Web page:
What do we mean by Food Safety Culture? Why is it important? and What is the best strategy for achieving a positive Food Safety Culture at your site?

From Issue 9 of the BRCGS Global Food Safety Standard to a whole host of industry forums and webinars, Food Safety Culture has proven to be an important topic within the industry of food and beverage production. But what exactly do we mean by: Food Safety Culture?

What’s more, how can we tell if a positive or negative culture exists? After all, ‘culture’ isn’t something tangible, easy to filter into a graph or spreadsheet.

With this in mind, we’ve decided to answer the question: What is Food Safety Culture? We will also explore what is possible when a positive culture is in place and how best to prevent a negative culture from taking over your site.

#1 What is Culture?

In a recent webinar on Culture In Hygiene, Klipspringer Director Alex Carlyon referred to culture as a living organism. He made the point that, just like a living thing, if you neglect a culture, it will go bad, but if you nurture a culture correctly, it will become self-sustaining.

This understanding of culture can be directly applied to the subject of Food Safety. After all, it will be impossible for you to achieve a positive Food Safety Culture at your site unless you fully engage with the process – keeping a close eye on its development and taking responsibility for its growth.

Another important point is that culture starts at the top of an organisation, with senior management setting the tone for the operatives working underneath them. A Senior Leadership Team that constantly knocks back proposals to hire more operatives, lengthen the hygiene window, or invest in new equipment, could send the message that reducing expenses is the only thing that matters. Under these conditions, even operatives who are directly responsible for food safety may switch their focus to cutting costs, believing this is the best way to secure recognition.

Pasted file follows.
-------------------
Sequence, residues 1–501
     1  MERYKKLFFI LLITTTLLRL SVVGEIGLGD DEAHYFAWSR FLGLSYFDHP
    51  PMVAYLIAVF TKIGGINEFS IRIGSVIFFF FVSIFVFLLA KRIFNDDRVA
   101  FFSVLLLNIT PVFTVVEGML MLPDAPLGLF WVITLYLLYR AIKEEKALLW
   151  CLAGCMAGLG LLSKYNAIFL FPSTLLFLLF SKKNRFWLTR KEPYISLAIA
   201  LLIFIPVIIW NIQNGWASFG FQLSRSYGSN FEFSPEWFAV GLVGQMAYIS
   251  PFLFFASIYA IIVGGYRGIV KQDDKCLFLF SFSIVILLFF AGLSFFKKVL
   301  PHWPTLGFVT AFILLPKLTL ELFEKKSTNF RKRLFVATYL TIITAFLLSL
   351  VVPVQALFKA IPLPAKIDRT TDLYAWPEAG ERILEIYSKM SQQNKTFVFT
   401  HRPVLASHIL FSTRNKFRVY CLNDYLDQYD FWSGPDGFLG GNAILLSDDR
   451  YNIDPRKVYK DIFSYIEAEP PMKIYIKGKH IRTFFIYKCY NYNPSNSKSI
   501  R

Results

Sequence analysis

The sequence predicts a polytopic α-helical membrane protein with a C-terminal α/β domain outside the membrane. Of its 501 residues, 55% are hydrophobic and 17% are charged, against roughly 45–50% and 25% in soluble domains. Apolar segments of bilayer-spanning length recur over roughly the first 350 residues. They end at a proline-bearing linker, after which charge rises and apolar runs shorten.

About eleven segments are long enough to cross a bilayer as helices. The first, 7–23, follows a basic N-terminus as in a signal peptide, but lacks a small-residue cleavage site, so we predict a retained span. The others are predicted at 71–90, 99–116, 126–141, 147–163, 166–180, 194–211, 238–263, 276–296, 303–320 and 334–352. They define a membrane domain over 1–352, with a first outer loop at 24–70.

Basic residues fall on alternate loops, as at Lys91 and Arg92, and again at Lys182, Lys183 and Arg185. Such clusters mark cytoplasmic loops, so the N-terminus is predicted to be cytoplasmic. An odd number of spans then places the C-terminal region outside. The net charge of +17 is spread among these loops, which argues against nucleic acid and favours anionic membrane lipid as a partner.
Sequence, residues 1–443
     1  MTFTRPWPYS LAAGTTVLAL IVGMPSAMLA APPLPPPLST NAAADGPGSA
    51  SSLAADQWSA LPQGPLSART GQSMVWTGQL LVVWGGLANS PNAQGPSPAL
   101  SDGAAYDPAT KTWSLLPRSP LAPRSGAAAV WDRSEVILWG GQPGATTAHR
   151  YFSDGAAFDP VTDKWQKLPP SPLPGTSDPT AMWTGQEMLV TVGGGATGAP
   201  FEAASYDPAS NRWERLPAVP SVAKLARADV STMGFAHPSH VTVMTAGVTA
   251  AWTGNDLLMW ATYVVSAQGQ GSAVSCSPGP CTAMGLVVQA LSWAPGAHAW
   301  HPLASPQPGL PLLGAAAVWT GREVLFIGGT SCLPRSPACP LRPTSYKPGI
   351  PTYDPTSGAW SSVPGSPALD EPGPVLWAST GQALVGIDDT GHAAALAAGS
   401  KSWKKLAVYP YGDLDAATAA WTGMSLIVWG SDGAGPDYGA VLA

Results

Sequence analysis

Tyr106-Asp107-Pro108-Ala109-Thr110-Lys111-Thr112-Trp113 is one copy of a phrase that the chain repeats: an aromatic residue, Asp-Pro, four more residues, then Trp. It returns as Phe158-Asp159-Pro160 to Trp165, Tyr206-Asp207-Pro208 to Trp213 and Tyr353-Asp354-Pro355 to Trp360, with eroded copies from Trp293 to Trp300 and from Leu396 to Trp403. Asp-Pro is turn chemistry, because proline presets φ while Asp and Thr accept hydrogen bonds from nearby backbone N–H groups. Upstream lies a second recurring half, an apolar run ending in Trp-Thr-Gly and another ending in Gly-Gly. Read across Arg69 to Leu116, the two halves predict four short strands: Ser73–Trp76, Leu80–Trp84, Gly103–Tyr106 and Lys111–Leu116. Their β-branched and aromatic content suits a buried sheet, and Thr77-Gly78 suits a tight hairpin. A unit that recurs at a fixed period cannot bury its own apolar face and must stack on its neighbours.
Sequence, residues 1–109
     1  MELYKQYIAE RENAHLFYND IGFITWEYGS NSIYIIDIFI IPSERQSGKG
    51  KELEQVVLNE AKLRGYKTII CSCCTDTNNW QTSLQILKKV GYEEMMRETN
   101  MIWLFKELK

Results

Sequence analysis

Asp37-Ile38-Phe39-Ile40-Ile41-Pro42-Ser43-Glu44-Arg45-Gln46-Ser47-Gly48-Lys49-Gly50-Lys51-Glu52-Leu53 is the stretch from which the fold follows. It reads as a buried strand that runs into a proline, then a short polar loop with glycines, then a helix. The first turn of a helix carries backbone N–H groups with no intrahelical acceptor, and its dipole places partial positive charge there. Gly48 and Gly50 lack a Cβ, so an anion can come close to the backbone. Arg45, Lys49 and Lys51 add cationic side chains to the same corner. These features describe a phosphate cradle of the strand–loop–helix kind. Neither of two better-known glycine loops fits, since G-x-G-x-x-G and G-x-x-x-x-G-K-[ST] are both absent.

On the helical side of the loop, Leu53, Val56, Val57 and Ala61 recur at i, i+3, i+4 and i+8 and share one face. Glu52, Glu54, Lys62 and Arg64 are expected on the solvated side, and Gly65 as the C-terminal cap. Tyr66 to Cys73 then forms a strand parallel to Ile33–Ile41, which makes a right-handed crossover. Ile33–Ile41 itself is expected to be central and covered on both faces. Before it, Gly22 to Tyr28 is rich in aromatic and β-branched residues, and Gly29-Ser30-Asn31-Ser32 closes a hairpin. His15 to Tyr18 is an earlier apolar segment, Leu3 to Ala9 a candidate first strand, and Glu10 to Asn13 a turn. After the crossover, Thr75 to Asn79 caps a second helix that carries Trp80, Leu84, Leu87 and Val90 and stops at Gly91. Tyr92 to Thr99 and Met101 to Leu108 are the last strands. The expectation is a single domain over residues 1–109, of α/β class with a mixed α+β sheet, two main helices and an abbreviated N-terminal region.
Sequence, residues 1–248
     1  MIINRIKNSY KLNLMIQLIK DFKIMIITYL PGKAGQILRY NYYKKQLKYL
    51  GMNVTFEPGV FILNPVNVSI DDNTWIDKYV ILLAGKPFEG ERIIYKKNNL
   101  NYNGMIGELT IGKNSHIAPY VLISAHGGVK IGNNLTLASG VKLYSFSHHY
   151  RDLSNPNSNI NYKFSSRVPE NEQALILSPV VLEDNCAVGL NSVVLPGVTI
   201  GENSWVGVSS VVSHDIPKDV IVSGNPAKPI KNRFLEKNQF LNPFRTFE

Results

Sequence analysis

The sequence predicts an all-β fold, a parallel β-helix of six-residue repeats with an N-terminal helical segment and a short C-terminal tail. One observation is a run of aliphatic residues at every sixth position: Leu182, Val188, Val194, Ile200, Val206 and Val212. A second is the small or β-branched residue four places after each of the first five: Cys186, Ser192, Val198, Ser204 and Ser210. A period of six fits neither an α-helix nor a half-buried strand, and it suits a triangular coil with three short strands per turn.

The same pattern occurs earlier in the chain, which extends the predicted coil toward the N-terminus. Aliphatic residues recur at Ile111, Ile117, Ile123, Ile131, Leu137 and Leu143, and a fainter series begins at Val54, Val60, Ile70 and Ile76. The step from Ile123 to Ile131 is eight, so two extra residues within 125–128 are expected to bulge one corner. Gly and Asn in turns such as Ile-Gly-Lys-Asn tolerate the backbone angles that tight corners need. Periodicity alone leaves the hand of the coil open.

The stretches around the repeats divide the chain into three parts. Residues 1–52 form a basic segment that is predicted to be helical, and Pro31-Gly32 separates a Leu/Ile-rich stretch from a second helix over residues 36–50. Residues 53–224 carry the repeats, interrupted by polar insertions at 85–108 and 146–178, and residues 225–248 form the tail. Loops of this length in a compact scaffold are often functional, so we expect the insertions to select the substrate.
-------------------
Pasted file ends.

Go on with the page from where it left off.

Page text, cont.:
The support of your operatives will also be lost if the culture at your site is all words and no action. All too often discussions surrounding culture remain hypothetical, with teams sharing plenty of buzz words and metaphors, but failing to establish clear action points and targets. Ideally, you need to think about where you want the culture at your site to be by the end of a set time period. You then need to figure out the best way to get your site to reach these targets, welcoming the input of department leads and carrying out root cause analysis to identify fail-proof solutions.

#2 What does a good culture achieve?

In another Klipspringer webinar, Denis Treacy, the former Chief Officer for Safety and Quality at Pladis Global, talked about The Dupont Bradley Curve. A helpful tool in discussions surrounding culture, The Dupont Bradley Curve suggests there are four different states of internal culture.

In a reactive culture, operatives have to rely on their natural instincts. Instead of pre-empting risks to food safety, they will respond to isolated incidents – failing to identify any patterns or carry out root cause analysis to prevent the problem from occurring again.

In a dependent culture, operatives are motivated by the directions they are given and the feedback they receive. This puts strain on department managers, as they will know that without supervision, food safety measures will fall to the wayside. What’s more, even a dedicated manager can’t be everywhere at once, so there is still a chance that food safety risks will go undetected.

In an independent culture, supervision isn’t the motivating factor. Even if you took away audits, inspections, and department leads, certain pockets of people would continue to do the right thing as a matter of personal pride and responsibility. Standards are inconsistent in this culture, with some operatives more dependable than others, but there are heroes in every department.

Finally, an interdependent culture sees everyone on site doing the right thing, with or without supervision. Instead of working independently, operatives come together as a team, holding each other accountable and contributing to a culture of care and compliance. Denis made the point that, within this culture, Zero Defect Food Safety becomes a realistic choice.

#3 Why does a culture 'go bad' and what are the solutions?

Lack of training

It is impossible to nurture a positive food safety culture without the ongoing training of your team. This training needs to be reflective of everyone at your factory, suitable for agency staff, operatives who don’t have English as their first language, inexperienced team members, as well as individuals who have become used to standards and processes from other sites.